Amid the coronavirus pandemic, the restaurant industry is taking a major hit. With government requirements for social distancing and limited groups, the National Restaurant Association has predicted that restaurants and the foodservice industry could sustain $225 billion in losses during the nationwide shutdown. To stay in business, many restaurants are turning to self-service kiosks to survive coronavirus shutdown orders, because they decrease labor costs, increase customer satisfaction, increase revenue through larger average purchases, and are safer.
According to Sam Zietz, CEO of GRUBBRR, an emerging technology company that creates and delivers ordering solutions that help restaurants increase business efficiency, restaurants that use kiosks realize an average increase in purchases of 12 to 22 percent. The restaurants best positioned to handle our new reality are those in the QSR and fast-casual space, because they already were prepared and designed for takeout and delivery orders.
“These restaurants have the infrastructure and operations already in place to support these new requirements,” Zietz said. “What we are noticing is the consumer preference to use the kiosk versus interacting with a cashier. This change had already started but has accelerated, because people don’t want to have physical contact or close contact with cashiers.”
Zietz said that about a month ago, he would have predicted a two-to-five-year timeline to see the ubiquitous use of kiosks in restaurants. That has accelerated because of the pandemic.
“Normally, a pilot would be 90 days long, and then there would be a long rollout plan. Today, we are hearing from restaurants that want to know how quickly we can deploy. One national chain asked us how fast we could help them deploy from two locations to 110.”
Another area GRUBBRR has seen accelerate because of the coronavirus is restaurants placing kiosks outside, so customers can maintain social distancing.
“When the order is ready, the customer receives a text and can pick it up at a designated spot, or the staff will bring it to customers,” he said. “It’s creating a synthetic type of drive-thru for restaurants that don’t have them, which is vital for restaurants in this environment.”
In a matter of days, GRUBBRR can help a restaurant get up and running with a kiosk that is stand-alone technology or integrated into its current POS system and can be accessed in real-time from anywhere in the world. The future of kiosks, according to Zietz, is a frictionless and pleasant experience, much like those created by airline kiosks.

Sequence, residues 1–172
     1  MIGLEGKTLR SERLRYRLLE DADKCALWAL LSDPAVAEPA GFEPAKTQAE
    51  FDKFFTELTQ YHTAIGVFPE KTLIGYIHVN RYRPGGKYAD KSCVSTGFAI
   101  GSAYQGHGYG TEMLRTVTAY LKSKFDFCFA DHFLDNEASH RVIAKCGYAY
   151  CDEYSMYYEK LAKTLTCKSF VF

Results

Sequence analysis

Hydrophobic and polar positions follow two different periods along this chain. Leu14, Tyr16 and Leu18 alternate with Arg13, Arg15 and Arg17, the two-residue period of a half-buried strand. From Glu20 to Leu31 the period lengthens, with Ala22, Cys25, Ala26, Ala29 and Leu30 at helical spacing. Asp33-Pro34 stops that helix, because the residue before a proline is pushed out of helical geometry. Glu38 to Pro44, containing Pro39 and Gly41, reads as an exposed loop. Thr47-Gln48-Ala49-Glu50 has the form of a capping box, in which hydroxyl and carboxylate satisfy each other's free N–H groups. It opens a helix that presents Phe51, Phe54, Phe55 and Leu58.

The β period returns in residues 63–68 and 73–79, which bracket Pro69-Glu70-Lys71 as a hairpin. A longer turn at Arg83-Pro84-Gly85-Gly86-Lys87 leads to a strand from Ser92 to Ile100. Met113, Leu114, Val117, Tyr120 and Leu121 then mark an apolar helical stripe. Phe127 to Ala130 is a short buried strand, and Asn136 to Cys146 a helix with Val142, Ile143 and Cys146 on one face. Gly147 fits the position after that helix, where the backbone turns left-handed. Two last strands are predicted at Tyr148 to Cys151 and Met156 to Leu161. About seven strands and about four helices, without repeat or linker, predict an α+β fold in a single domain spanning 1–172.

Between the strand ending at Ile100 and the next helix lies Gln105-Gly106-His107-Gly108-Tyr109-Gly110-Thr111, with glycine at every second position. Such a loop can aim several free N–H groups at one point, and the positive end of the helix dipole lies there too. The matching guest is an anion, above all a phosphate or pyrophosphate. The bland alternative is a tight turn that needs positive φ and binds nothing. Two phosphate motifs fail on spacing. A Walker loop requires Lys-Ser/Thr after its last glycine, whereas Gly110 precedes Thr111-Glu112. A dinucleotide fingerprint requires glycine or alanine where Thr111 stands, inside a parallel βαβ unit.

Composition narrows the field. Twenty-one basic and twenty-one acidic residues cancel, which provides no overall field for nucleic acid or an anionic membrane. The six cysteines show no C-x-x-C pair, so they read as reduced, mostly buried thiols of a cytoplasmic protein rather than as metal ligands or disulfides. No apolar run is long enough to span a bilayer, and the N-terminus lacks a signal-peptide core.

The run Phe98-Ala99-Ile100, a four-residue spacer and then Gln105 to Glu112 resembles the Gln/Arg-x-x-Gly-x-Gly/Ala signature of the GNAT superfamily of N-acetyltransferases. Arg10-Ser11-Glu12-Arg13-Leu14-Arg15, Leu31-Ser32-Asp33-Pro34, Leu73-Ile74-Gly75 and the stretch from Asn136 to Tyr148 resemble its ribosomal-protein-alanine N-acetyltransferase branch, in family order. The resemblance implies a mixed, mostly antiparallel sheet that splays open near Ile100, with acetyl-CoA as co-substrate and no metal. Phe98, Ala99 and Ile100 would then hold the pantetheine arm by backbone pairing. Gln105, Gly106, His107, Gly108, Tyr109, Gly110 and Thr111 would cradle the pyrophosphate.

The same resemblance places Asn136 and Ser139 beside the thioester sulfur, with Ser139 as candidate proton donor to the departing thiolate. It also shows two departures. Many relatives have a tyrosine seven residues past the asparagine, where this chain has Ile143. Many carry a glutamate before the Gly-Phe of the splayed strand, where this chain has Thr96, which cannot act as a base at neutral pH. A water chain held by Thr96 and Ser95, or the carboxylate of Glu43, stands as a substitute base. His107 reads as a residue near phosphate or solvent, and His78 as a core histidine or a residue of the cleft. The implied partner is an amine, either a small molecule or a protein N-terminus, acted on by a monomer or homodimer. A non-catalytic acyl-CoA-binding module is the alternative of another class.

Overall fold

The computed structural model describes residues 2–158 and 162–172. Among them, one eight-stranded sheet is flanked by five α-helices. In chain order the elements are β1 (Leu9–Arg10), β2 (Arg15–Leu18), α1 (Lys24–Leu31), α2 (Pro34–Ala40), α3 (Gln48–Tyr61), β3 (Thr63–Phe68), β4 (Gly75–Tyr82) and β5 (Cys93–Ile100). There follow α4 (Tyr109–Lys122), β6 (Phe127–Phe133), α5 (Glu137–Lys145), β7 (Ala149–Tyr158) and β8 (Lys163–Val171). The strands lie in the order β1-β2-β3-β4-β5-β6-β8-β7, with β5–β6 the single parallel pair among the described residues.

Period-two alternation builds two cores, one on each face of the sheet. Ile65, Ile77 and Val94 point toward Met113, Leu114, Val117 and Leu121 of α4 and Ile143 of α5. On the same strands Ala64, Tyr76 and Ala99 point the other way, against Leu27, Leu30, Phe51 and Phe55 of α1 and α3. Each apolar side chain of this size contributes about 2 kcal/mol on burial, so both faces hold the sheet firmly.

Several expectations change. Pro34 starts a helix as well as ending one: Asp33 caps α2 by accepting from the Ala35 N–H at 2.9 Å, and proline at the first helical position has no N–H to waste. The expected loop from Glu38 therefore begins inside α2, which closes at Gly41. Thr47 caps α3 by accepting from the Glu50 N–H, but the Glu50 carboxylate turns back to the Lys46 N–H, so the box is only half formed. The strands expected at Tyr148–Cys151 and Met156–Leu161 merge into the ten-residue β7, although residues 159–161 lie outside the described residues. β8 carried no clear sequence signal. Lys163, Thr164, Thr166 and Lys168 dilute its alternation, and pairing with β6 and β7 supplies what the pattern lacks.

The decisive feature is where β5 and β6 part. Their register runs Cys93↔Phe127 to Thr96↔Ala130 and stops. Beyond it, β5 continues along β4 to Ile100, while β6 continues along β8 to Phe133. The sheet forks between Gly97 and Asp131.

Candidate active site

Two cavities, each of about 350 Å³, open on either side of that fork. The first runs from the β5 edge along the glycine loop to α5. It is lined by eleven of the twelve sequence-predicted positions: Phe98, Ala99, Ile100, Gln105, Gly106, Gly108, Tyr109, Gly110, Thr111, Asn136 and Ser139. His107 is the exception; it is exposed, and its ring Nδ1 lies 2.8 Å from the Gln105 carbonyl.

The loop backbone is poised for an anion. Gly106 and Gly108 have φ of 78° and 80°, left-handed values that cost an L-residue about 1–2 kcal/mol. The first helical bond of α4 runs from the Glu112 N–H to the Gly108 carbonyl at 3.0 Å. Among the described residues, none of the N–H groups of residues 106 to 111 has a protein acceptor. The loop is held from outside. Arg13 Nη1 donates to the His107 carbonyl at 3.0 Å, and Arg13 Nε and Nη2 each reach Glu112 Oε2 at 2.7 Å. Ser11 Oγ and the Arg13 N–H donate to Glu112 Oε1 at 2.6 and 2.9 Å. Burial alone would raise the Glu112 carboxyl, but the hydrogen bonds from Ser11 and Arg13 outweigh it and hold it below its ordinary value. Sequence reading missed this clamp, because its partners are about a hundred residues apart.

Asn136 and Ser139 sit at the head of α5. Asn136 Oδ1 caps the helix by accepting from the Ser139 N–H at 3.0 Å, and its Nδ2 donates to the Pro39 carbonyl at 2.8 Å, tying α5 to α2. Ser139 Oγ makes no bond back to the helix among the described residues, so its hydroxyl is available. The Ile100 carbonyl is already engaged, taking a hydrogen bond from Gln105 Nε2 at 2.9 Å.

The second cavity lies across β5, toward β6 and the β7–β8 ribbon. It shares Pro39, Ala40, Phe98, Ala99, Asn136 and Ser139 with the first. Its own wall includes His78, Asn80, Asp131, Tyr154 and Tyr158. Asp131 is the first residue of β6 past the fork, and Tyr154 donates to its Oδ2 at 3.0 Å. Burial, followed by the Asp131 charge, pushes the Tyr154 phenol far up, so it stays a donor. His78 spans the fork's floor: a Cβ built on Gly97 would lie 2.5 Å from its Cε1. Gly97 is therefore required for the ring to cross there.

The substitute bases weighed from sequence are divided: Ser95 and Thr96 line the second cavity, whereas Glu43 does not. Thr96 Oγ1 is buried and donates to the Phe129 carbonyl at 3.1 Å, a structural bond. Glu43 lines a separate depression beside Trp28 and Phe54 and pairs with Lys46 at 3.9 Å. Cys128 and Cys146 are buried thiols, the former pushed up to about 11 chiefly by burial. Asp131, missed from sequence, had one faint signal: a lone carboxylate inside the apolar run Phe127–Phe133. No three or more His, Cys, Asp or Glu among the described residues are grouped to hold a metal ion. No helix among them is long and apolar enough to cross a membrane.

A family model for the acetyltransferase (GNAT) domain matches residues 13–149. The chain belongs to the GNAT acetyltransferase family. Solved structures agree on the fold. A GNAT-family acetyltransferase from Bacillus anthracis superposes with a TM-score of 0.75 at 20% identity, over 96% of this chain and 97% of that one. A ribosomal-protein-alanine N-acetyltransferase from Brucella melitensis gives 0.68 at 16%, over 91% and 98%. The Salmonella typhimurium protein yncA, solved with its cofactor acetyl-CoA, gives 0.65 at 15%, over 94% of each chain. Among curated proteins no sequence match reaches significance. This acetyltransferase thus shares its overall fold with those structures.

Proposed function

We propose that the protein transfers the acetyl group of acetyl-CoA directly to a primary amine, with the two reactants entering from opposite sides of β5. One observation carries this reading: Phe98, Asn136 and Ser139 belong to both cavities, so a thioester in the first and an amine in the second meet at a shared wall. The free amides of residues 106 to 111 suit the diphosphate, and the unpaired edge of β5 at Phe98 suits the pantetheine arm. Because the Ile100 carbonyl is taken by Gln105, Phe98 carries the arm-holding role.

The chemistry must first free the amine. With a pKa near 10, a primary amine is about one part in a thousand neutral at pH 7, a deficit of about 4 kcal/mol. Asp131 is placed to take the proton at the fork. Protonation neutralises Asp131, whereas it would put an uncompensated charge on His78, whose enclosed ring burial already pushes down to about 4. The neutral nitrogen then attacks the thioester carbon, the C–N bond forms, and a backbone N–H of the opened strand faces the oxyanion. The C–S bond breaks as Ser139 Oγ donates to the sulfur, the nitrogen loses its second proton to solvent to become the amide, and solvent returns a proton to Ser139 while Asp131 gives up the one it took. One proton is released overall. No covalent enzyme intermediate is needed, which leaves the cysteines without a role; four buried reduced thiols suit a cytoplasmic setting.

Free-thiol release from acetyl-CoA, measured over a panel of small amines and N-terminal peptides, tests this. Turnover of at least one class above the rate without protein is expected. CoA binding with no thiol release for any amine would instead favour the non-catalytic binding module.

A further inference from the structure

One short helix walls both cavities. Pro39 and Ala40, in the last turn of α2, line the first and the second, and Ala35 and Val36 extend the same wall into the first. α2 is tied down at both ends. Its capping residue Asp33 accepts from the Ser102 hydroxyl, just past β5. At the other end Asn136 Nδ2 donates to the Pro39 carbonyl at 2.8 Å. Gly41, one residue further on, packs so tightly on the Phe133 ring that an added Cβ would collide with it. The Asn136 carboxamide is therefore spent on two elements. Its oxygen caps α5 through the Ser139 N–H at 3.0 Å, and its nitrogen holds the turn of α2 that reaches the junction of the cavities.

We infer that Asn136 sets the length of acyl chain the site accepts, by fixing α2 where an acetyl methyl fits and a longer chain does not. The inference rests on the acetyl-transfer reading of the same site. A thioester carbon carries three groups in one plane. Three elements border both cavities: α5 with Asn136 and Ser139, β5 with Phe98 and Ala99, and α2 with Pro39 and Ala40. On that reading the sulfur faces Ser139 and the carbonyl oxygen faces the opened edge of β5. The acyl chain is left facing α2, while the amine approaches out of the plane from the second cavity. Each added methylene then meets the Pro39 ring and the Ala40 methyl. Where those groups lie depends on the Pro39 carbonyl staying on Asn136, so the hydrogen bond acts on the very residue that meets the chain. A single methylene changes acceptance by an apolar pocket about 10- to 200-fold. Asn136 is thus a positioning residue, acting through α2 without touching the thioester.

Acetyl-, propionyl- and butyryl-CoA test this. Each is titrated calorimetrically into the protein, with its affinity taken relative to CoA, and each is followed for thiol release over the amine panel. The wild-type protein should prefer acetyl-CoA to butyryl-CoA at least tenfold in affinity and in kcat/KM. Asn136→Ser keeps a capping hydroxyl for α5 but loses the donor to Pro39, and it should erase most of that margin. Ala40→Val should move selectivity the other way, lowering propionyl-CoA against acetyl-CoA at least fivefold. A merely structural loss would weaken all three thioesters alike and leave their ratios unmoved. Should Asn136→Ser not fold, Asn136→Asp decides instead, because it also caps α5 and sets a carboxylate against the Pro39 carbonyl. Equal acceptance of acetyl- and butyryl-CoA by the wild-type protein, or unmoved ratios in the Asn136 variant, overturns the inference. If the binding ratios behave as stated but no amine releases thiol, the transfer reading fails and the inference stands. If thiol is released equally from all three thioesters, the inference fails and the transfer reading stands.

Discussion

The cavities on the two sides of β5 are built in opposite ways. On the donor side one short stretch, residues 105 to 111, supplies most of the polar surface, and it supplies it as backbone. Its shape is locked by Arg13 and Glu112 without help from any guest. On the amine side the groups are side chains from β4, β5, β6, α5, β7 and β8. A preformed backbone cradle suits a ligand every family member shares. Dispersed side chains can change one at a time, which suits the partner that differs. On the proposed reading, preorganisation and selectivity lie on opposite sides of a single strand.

Another way that many restaurants are enhancing that frictionless experience is through mobile phone ordering, but he encourages them to provide that through their own websites rather than outside delivery services. Together, these will help restaurants keep more of their revenue and increase customer loyalty.
The company recently launched a new feature that integrates with a restaurants online ordering to create a QR code for mobile phone ordering. With it, customers don’t have to touch the kiosk screen at all.
“Mobile phone ordering is up, and adoption of our new QR code mobile solution is being adopted very quickly,” Zietz said. “Now, customers can order on their phone and then pay at the kiosk with tap and pay or by inserting a card. No one is touching their card. They aren’t touching the kiosk. It is literally 100-percent hands off.”
Any size or type of restaurant can benefit from the technology, and the company can get its most basic model, which can integrate with most of today’s popular POS systems or stand alone, in hours or just a few days.
“Keeping loyal diners engaged has always been important but is more so now. At a minimum, every restaurant should have online ordering,” he said. “You have to be able to pivot as an entrepreneur. Restauranteurs know they must find a way to serve customers while they aren’t seating people in their restaurants for an undesignated and possibly expanding period of time.”
As Zietz shared, the reality of “contact-less” ordering and paying at restaurants was coming, but its arrival has been accelerated by the coronavirus. He predicts the change will stick and grow going forward.
“Activities will change going forward, and I predict we will be in post-corona fear for a while. So, this is a good time for restaurants to catch up and even move ahead in terms of technology, he said. “This will be like 9/11 was for the airline industry – it is changing the restaurant sector in ways that won’t change back.”